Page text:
These are the vain and frivolous Pretences mention'd in the Gospel for absenting from the Lord's Supper. St. Matthem expresses them by going one to his Farm, and another to his Merchandize, things of infinitely less Concern than those to which they are so graciously invited : and therefore we may well think how little such feign'd Excuses will avail before God; as appears by the next words of the Para. ble: So that Servant came and jewed his Lord thefe things. At which the Master of the House is said to be exceeding angry, and well he might, for their Baseness and Ingratitude in rejecting the Tenders of his Mercy and Goodness upon such slight and trifling Pretences: for who that had provided a rich and costly Banquet, and spread his Table with all man. ner of Varieties, would not be highly offended with such unthankful Guests, as refuse to come and partake of them upon so free and kind an Invitation ? Will slight Excuses pass with you upon such Occasions ? How then can we think that God will take them at our hands? Why, that himself declares in this Gospel, that none of them that were bidden Mall taste of my Supper. None can endure to have his Fa. vours despis’d; and therefore God here strikes such wil. ful Contemners of his Grace out of the List of his Friends, and resolves not to invite them any more, but to give them up to a reprobate Sense, having no feeling of God's Love, nor Relish of Divine Things.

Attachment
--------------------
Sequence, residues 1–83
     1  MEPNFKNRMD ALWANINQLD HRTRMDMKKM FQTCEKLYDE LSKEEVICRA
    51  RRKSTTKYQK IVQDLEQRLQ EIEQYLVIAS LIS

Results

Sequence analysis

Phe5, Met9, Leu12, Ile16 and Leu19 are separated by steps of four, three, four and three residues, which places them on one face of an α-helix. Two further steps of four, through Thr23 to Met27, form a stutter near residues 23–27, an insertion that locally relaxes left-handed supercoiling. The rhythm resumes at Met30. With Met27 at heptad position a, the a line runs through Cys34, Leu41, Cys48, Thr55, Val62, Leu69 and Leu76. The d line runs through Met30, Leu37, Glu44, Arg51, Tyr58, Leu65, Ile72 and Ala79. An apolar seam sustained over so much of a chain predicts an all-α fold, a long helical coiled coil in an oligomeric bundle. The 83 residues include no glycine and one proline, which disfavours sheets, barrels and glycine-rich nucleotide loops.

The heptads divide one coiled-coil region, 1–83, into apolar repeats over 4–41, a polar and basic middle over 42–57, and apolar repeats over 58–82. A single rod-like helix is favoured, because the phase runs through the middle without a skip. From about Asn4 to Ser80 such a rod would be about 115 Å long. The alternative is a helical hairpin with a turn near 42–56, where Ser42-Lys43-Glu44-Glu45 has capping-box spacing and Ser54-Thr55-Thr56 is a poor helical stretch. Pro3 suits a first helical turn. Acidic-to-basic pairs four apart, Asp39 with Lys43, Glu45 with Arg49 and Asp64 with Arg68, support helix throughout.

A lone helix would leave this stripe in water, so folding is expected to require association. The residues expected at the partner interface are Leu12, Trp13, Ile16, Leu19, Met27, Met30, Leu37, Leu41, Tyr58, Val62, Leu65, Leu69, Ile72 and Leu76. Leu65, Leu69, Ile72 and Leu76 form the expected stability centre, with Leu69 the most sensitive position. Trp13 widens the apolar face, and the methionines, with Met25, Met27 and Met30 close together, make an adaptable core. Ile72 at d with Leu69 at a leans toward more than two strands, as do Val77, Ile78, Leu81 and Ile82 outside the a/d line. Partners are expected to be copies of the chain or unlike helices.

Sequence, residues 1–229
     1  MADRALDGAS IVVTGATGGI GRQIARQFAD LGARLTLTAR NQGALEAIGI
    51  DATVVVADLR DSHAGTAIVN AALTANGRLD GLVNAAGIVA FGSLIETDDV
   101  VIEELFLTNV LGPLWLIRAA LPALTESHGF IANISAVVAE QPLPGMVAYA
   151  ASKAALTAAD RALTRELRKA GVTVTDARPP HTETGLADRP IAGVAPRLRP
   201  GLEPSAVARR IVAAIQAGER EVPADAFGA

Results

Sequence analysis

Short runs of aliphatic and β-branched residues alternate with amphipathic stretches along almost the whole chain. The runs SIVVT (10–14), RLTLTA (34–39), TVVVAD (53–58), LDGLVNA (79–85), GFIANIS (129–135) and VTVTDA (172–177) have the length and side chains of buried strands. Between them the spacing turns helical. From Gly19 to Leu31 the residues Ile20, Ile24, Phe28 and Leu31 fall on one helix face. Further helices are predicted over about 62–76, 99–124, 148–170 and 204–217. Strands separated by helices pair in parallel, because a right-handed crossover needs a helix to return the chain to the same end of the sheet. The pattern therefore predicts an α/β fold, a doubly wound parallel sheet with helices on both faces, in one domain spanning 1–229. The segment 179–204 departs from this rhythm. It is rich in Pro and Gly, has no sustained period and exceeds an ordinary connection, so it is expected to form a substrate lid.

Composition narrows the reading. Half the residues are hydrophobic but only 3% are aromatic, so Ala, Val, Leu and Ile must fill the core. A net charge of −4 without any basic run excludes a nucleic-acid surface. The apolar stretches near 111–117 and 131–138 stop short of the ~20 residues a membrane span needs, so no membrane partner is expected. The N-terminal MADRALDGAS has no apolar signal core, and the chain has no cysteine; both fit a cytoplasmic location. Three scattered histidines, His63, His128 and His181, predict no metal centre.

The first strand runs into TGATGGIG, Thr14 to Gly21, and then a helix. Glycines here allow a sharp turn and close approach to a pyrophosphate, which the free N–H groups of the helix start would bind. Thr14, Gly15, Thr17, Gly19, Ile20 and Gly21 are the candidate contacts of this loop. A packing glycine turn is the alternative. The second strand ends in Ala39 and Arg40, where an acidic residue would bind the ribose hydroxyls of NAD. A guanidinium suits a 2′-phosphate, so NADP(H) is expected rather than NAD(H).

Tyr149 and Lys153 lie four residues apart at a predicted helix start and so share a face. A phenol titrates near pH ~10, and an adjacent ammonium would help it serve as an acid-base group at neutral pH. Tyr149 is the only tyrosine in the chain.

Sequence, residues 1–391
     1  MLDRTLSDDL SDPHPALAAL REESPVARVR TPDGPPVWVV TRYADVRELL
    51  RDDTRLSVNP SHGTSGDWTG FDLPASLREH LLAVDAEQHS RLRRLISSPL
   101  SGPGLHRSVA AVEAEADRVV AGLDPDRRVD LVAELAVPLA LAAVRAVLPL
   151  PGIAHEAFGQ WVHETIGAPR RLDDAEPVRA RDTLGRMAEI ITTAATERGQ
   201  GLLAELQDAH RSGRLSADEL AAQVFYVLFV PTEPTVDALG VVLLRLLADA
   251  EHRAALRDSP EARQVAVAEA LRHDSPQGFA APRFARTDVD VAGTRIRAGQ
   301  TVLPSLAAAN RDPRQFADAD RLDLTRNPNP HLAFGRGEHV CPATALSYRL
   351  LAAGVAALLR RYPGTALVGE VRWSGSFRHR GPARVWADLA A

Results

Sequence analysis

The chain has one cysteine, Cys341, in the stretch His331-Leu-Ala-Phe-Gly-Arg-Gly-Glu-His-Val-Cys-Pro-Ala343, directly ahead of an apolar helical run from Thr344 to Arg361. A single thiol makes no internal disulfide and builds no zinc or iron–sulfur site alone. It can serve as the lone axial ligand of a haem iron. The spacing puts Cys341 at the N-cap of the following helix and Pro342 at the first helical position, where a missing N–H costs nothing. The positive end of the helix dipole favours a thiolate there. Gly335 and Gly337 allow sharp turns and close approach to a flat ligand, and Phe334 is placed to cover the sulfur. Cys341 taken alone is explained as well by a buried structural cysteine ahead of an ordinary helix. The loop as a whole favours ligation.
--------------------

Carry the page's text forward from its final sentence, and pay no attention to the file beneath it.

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Now this Expositors generally understand of God's utter rejecting of the Jews for their great Perverseness and Infidelity: for tho they were once his peculiar People, dignify'd above all others by many high and noble Privileges ; tho the Covenant, the giving of the Law and the Promises, were all theirs, yea, tho the Messias came from them, and was first fent to them; yet because they thrust Salvation from them, and obstinately rejected all the Offers of Mercy and Pardon made to them, God also rejected them, and left them to the Blindness and Perverseness of their own Minds; in which unhappy State they remain to this day. This is represented here by a sumptuous Supper or Entertainment made for them, and many earnest and importunate Invitations made to them ; God sending his Prophets and Messengers from time to time to woo and intreat them to come in and accept Salvation from him : but their frequent and frivolous Excuses, and at last their final rejecting of all that could be said or done for them, provok'd God utterly to cast them off, and to call in other Persons of meaner Quality and Circumstances to him.